Tuesday, June 24, 2014

Becoming Truly Wise

“Some people are like the bottom half of a double boiler. They are always letting off a steam but they haven't a clue what's cooking.”

I was reminded of the above while reading the following: “A stupid person takes no pleasure in understanding; He would rather disclose what is in his heart.” (Proverbs 18:2) Those who do not know what a double boiler is, in its simplest form, it is one pot put on top of another. The bottom pot is filled with water that is brought to a boil. The top is used to evenly, gently, control heat and cook whatever is in it—typically used in confection cooking. To say that “some people” are like the bottom half of a double boiler, means they are over-opinionated, (perhaps even close-minded), clueless people.

But the cited Proverb goes one step further in exposing the reason people of that sort act as they do. It comes down to arrogant self-importance. The International Standard Version renders that verse: “A fool finds no satisfaction in trying to understand, for he would rather express his own opinion.” People of this sort think only their own opinion is correct and leave no room for discussion or even the possibility that others have something valuable to add or a clearer understanding.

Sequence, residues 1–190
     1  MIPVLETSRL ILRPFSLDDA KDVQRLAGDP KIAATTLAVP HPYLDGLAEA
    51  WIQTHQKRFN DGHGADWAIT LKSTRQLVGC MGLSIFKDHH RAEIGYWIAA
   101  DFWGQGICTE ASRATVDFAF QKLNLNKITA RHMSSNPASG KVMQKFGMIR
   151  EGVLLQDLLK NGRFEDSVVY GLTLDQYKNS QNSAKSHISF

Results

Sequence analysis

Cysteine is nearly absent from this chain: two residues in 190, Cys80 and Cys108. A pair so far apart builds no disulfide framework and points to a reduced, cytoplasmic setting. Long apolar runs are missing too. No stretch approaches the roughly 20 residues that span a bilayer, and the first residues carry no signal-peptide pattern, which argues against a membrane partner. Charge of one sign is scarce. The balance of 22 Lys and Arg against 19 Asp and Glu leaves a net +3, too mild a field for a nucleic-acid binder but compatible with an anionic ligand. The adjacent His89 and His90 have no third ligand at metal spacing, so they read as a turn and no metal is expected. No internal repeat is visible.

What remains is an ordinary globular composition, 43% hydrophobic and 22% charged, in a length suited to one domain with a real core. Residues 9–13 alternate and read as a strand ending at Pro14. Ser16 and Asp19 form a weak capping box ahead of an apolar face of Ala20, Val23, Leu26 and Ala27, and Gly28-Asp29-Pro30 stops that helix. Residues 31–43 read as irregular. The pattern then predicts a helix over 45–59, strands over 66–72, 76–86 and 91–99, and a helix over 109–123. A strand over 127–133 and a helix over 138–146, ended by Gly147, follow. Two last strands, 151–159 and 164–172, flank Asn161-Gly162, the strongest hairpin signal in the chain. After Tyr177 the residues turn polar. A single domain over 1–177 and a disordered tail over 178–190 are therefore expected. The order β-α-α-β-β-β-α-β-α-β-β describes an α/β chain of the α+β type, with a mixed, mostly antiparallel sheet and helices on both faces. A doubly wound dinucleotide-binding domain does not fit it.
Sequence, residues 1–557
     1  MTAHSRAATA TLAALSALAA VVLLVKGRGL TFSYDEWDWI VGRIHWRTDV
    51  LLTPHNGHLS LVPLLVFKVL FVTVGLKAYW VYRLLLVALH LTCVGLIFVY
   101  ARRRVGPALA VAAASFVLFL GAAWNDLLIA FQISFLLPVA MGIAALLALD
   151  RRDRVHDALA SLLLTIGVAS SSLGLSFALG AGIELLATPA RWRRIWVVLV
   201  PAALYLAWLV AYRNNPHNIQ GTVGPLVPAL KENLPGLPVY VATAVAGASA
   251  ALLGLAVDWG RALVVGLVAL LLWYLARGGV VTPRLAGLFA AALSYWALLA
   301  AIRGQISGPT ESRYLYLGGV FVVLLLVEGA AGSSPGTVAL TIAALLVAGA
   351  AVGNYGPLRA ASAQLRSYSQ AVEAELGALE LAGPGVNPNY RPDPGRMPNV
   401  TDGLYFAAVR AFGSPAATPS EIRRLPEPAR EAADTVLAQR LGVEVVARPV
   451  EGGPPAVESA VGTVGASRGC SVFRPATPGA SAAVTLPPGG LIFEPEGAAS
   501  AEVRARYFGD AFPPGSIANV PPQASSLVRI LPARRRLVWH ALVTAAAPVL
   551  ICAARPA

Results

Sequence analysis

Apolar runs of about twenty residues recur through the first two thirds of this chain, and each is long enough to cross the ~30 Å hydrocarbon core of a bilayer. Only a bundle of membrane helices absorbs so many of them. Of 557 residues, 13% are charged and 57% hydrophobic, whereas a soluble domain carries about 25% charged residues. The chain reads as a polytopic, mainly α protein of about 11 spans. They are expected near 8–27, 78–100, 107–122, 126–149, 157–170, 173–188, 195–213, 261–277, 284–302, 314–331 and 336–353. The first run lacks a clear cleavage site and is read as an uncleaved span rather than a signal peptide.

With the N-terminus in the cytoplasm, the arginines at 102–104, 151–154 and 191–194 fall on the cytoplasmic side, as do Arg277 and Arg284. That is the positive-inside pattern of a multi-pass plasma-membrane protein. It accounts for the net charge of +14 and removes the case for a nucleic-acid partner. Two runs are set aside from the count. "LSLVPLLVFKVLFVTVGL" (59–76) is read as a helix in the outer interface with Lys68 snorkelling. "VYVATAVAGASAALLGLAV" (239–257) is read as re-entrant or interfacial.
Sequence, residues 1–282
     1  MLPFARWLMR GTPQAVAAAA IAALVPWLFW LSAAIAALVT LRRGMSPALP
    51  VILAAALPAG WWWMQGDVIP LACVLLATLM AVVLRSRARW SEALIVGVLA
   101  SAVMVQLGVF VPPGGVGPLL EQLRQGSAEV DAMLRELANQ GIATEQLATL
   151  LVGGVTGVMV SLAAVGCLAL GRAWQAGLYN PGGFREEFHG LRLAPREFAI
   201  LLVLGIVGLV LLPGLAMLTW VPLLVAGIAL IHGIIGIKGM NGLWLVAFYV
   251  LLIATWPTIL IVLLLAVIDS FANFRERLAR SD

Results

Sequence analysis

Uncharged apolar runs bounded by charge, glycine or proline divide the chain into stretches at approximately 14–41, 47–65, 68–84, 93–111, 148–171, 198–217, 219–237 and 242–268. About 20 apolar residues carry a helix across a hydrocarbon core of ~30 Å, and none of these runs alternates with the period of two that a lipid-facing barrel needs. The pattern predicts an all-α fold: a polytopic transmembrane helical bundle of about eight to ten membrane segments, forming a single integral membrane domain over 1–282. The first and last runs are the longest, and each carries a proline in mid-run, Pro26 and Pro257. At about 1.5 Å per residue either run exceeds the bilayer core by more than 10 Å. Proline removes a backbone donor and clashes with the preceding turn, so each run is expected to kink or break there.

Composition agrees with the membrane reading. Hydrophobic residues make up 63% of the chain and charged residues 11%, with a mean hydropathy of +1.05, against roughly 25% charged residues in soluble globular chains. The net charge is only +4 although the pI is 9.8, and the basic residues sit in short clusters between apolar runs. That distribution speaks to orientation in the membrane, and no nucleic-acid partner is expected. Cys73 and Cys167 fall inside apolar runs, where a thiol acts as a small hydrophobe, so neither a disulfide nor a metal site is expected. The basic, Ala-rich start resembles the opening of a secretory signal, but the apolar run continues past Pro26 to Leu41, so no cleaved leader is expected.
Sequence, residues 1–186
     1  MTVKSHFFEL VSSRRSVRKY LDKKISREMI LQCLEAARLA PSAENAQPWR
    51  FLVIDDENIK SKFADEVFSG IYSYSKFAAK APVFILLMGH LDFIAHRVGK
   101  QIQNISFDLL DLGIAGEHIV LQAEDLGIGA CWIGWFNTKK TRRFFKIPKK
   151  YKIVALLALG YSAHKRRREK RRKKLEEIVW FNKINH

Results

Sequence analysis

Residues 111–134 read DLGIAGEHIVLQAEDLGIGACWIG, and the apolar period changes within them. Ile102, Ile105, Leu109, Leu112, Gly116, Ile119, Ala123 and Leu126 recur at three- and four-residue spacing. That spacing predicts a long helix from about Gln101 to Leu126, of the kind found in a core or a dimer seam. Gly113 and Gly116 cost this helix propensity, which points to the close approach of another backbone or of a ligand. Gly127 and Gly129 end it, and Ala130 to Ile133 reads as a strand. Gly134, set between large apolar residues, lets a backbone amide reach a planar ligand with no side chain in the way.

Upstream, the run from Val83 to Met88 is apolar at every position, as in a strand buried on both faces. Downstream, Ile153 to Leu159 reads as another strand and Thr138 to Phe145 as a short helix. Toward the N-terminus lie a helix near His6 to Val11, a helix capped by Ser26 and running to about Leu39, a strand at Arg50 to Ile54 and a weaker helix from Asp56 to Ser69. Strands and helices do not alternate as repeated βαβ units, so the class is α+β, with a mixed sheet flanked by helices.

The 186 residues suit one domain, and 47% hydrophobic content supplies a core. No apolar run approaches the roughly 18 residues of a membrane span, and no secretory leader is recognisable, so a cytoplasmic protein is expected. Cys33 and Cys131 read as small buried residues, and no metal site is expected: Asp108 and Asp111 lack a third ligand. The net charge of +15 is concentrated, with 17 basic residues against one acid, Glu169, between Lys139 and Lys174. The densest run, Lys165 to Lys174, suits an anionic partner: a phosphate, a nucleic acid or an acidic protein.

What can aid such a person to mellow, mature? Learn to listen to others. There is a wise saying that “we have two ears and one mouth—this is why we should listen twice as much as we speak.” In a similar vein, Proverbs 1:5 says: “A wise person listens and takes in more instruction.” Yes, to be truly wise, we need to be willing to learn. Learning is a lifelong experience.

True Christians appreciate the value of learning. They do not feel threatened by those whose religious viewpoints differ. Instead, they use these encounters as a learning experience to build on the foundation of their beliefs. Such interchanges with others can either help refine their understanding or deepen their appreciation for what is right and true. Real Christians truly want to be like to top half of a double boiler, knowing what is cooking.

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